With the change in Prime Minister to Malcolm Turnbull there was always likely to be a shift in the prominence of digital and IT within government.
The new administrative arrangements released earlier this week demonstrated this clearly, with the Digital Transition Office moving from the Communications portfolio to the Department of Prime Minister and Cabinet and the Gov 2.0 and open data functions moving from Finance also into the DPC.
This means little to the Australian public, who simply expect government to do its job well, but means a great deal within government itself. It is a very strong signal to Secretaries and their teams that digital transformation and open data are serious priorities for the current government and need appropriate attention, resourcing and support.
What’s also interesting is how these changes and others going on both publicly and behind closed doors in Canberra are about shifting the structures and cultures in Canberra towards a more collaborative, consultative and engaging one.
While signature government policies on asylum seekers, climate change and other key areas haven’t changed under Turnbull, or at least not yet (a matter of significant commentary on social media at the moment), I would argue that the structural changes that have been started are far more significant in terms of shifting how the Australian government functions in the long term.
Historically while policies have changed regularly, and often quickly, as governments are elected or react to circumstance and public views, the public service had been slower to adapt to 21st Century realities, held back by its legislative design and shape, its obligations and the cultures it has evolved over the decades.
To reboot how government operates, enable more innovative and relevant policy approaches and allow in widespread adoption of modern business practice it was always going to take more than changes in policy settings – an elected government had to be willing to reach deep into the gullet of the public sector and change its operations in a fundamental way.
Few governments have been prepared to do this in more than a cosmetic way, due to the challenges in changing such a large and complex beast which was actually performing well by global standards. However the system has been fraying at the edges for some time, with capability losses and rigid legacy approaches making it harder and harder for elected governments to implement their policy and create real positive change for Australians.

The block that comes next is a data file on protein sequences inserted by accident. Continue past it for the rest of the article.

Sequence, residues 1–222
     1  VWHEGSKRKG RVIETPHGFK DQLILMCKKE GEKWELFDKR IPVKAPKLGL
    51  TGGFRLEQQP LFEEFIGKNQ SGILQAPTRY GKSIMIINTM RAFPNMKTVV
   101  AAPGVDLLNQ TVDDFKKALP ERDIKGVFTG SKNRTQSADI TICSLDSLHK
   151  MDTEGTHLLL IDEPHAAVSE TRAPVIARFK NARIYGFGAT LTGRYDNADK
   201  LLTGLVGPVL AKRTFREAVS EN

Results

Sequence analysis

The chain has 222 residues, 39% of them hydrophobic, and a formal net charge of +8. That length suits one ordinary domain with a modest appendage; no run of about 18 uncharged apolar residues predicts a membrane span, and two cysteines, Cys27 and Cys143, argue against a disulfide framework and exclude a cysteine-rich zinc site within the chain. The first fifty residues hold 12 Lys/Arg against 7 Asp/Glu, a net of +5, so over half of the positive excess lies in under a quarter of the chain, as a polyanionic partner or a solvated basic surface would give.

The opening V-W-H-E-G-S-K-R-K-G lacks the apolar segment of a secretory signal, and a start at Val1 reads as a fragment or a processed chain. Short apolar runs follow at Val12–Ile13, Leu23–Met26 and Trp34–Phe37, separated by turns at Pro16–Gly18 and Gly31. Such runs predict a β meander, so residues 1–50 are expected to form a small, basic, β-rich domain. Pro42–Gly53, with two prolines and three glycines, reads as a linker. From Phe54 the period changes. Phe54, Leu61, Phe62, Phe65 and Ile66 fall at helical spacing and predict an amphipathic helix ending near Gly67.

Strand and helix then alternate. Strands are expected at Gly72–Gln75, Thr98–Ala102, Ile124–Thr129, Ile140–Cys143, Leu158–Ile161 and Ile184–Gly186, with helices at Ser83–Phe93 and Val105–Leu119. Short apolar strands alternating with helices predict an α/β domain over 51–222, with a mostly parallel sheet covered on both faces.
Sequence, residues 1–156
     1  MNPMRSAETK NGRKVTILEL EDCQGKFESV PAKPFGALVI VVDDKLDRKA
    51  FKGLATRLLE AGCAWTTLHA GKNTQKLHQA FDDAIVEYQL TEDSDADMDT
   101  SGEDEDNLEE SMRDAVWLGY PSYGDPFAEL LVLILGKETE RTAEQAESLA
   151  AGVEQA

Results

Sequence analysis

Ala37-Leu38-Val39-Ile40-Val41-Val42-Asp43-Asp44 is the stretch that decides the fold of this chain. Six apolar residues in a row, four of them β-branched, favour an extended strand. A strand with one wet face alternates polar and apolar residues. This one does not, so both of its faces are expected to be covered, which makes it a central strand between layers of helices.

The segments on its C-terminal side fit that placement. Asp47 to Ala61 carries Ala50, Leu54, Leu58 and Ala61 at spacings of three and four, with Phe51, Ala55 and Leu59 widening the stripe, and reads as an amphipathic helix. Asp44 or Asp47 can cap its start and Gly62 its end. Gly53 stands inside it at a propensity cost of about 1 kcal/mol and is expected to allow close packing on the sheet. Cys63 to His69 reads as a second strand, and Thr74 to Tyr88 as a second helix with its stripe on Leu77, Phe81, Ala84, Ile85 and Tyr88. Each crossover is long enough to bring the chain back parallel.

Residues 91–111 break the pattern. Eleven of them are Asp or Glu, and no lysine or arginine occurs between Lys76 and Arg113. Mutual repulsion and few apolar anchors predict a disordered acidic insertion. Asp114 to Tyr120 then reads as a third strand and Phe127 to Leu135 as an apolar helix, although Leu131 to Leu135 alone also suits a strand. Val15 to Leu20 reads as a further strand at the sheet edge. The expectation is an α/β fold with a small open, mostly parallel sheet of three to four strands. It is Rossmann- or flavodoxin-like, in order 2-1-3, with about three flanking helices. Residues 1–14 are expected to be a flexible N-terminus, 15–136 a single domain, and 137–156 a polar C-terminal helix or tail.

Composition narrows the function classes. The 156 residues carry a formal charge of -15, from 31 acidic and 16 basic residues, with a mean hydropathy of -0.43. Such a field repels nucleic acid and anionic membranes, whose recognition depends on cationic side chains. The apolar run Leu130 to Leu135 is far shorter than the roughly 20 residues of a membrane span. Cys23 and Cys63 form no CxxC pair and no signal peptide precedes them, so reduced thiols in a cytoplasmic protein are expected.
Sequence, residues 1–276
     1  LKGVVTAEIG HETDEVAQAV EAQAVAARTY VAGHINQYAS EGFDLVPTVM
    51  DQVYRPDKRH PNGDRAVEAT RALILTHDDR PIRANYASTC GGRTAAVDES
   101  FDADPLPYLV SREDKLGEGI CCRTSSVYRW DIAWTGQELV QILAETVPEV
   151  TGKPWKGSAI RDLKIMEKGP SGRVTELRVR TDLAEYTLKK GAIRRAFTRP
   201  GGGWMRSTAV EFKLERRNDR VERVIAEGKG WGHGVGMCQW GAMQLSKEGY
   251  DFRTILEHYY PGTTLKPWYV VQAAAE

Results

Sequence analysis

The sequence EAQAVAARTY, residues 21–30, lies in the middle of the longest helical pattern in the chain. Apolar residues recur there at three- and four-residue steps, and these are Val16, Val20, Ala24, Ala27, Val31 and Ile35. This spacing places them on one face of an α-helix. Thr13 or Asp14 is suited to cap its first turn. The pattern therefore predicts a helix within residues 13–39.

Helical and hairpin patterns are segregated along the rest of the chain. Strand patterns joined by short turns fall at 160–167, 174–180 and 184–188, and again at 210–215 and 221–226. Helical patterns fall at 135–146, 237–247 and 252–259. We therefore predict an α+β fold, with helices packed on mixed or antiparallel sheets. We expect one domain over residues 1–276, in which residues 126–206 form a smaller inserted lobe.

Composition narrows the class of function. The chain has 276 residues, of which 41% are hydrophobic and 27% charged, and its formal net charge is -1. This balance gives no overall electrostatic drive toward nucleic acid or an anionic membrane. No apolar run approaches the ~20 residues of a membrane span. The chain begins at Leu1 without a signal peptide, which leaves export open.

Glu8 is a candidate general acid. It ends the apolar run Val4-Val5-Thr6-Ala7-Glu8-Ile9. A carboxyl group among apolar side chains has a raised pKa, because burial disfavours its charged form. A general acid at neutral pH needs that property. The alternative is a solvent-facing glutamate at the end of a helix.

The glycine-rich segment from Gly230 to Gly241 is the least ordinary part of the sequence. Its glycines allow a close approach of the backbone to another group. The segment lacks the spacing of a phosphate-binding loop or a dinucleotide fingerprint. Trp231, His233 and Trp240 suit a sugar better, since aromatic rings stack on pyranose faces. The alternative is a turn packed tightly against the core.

I have witnessed situations where agencies were incapable of implementing certain government policies, necessitating either shifts of responsibility or the creation of new agencies, as well as situations where Ministers and public servants found their capability to be productive was restricted, rather than enabled, by legacy IT systems and regulation which has grown like weeds over decades.
If the Turnbull government is serious about its intention to systemically change how government functions in Canberra, reshaping the role of the public sector in policy design, service delivery and rapid accountability, then one of its most significant legacies may be to future-proof the Australian government for the next century.
The structural change underway is not about rewinding government’s clockwork, but about replacing cogs with computer chips and agile digital programs.
It’s not just about connecting public servants to the wider community, but about letting the community lead and drive policy agendas, with the public sector as a expert facilitation support.
If this works it changes everything about how government works in Australia, though perceptual changes will take longer to be obvious to citizens.
These changes will take time. There will be fumbles and missteps and significant resistance both from internal and external players who enjoy the benefits of the failing status quo. Some resistance will be overt, but most will be covert, and often couched in supportive words but with no supportive activity. Some will be deliberate and calculated, but much will be instinctive or based on old world paradigms by people who simply haven’t grasped the realities of our changing world – particularly outside the Canberra bubble.
However if these changes do not occur, rebound with a subsequent government or are given lip service only due to being ‘too hard’, Australia will face a more frightening scenario. A scenario in which our governance structures fail to support Australians to be competitive in our changing world. Where we become a sunset economy of resources and agriculture and our most talented scientists and computer specialists leave for greater opportunities offshore, leaving Australians to buy our own successes at retail prices.
Events will tell us how serious Turnbull’s government will be – and how successful. However if the current government doesn’t succeed in this systemic change, the big question will be, who could?